Hypokalemia is a common electrolyte disturbance, observed in > 20% of hospitalized patients. Hypokalemia, although not formally defined, is generally considered to be when serum potassium levels fall below the normal value of 3.6 mmol/L. In contrast to other electrolytes, potassium is primarily an intracellular ion: only 2% of all potassium in the body is present in the extracellular fluid, so a small decrease in serum potassium may represent a significant decrease in intracellular potassium. Individuals with mildly decreased potassium levels (3.0-3.5 mmol/L) may be asymptomatic, but patients with more pronounced decreases may report symptoms including muscle weakness, fatigue, and constipation. Very low serum potassium levels (≤ 2.5 mmol/L) can lead to muscle necrosis, paralysis, cardiac arrhythmias, and impaired respiration, which can be life-threatening. Absent comprehensive and robust treatment guidelines, strategies for the prevention or treatment of hypokalemia, such as how to diagnose hypokalemia, when to treat patients, what dosage regimen of potassium supplementation to use and for how long, are often based on the experience of the physician and empirical evidence. However, proper evaluation and treatment of hypokalemia in patients is essential because of associated morbidities. Because small potassium deficits in serum represent large body losses, potassium repletion requires substantial and prolonged supplementation. For patients with known risk factors for hypokalemia (e.g. hypertension, heart failure, or diabetes), careful monitoring is crucial to avoid the adverse sequelae associated with potassium deficits and to ensure that adequate and timely preventive measures can be taken. In this review, we provide practical insights into the etiology, differential diagnosis, and treatment of hypokalemia, including treatment strategies for patients with known risk factors.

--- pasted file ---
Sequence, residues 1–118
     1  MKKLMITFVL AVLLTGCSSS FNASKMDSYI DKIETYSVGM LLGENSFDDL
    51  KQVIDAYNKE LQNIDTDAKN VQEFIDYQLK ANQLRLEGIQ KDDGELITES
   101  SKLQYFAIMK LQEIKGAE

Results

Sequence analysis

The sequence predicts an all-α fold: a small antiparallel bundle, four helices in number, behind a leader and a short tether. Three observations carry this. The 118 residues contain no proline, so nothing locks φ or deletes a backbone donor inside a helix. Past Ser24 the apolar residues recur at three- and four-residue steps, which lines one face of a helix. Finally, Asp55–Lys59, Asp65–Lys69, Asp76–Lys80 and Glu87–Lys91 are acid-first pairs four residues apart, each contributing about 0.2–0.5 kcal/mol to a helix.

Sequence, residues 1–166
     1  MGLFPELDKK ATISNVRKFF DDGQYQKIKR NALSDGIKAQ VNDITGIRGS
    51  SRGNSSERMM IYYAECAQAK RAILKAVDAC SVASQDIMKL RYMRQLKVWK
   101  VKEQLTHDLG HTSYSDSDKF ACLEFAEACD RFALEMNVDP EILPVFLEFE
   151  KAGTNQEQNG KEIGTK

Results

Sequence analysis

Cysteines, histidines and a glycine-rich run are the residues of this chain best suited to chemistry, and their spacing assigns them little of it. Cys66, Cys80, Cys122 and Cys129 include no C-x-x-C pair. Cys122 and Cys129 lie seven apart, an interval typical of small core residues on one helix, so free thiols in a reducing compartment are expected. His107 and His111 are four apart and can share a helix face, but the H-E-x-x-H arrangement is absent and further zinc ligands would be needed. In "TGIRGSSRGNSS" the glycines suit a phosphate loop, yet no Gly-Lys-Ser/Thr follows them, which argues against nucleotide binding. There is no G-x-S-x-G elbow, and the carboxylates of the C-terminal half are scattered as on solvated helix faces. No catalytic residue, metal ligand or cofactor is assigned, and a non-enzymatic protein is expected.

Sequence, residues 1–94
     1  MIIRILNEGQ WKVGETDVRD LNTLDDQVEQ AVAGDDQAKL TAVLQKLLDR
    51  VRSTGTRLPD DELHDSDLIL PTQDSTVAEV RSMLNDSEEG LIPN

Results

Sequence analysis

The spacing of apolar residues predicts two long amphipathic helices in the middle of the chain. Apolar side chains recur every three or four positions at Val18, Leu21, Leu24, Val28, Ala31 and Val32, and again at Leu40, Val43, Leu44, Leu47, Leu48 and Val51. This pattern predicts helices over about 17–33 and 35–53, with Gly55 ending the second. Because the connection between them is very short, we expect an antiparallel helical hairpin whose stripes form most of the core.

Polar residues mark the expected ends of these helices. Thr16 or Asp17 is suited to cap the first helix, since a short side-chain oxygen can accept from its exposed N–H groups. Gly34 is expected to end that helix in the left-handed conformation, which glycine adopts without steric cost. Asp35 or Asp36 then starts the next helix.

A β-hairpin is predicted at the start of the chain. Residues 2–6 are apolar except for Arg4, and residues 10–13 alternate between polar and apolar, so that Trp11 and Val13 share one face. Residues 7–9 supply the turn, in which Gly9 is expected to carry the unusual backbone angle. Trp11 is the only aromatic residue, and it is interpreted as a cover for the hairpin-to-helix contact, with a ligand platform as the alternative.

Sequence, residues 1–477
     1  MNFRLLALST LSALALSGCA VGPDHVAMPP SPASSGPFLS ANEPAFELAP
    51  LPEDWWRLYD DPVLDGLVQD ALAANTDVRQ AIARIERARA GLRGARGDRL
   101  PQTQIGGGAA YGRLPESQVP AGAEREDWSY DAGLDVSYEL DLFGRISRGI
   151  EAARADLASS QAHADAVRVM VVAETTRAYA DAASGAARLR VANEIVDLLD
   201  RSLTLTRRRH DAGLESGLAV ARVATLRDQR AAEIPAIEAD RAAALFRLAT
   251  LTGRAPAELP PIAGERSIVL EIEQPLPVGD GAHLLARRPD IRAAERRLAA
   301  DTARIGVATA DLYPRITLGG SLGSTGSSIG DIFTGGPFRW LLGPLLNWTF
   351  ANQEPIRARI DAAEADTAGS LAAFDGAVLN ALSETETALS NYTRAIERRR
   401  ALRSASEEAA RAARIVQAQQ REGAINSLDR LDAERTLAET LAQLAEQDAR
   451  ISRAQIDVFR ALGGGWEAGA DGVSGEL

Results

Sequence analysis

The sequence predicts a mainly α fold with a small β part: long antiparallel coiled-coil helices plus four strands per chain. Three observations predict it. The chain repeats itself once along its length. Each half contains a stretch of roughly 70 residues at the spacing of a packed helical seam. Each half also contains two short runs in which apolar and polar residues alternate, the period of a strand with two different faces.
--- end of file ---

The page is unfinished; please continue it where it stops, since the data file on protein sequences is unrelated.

Keywords: Heart failure; hypertension; hypokalemia; potassium.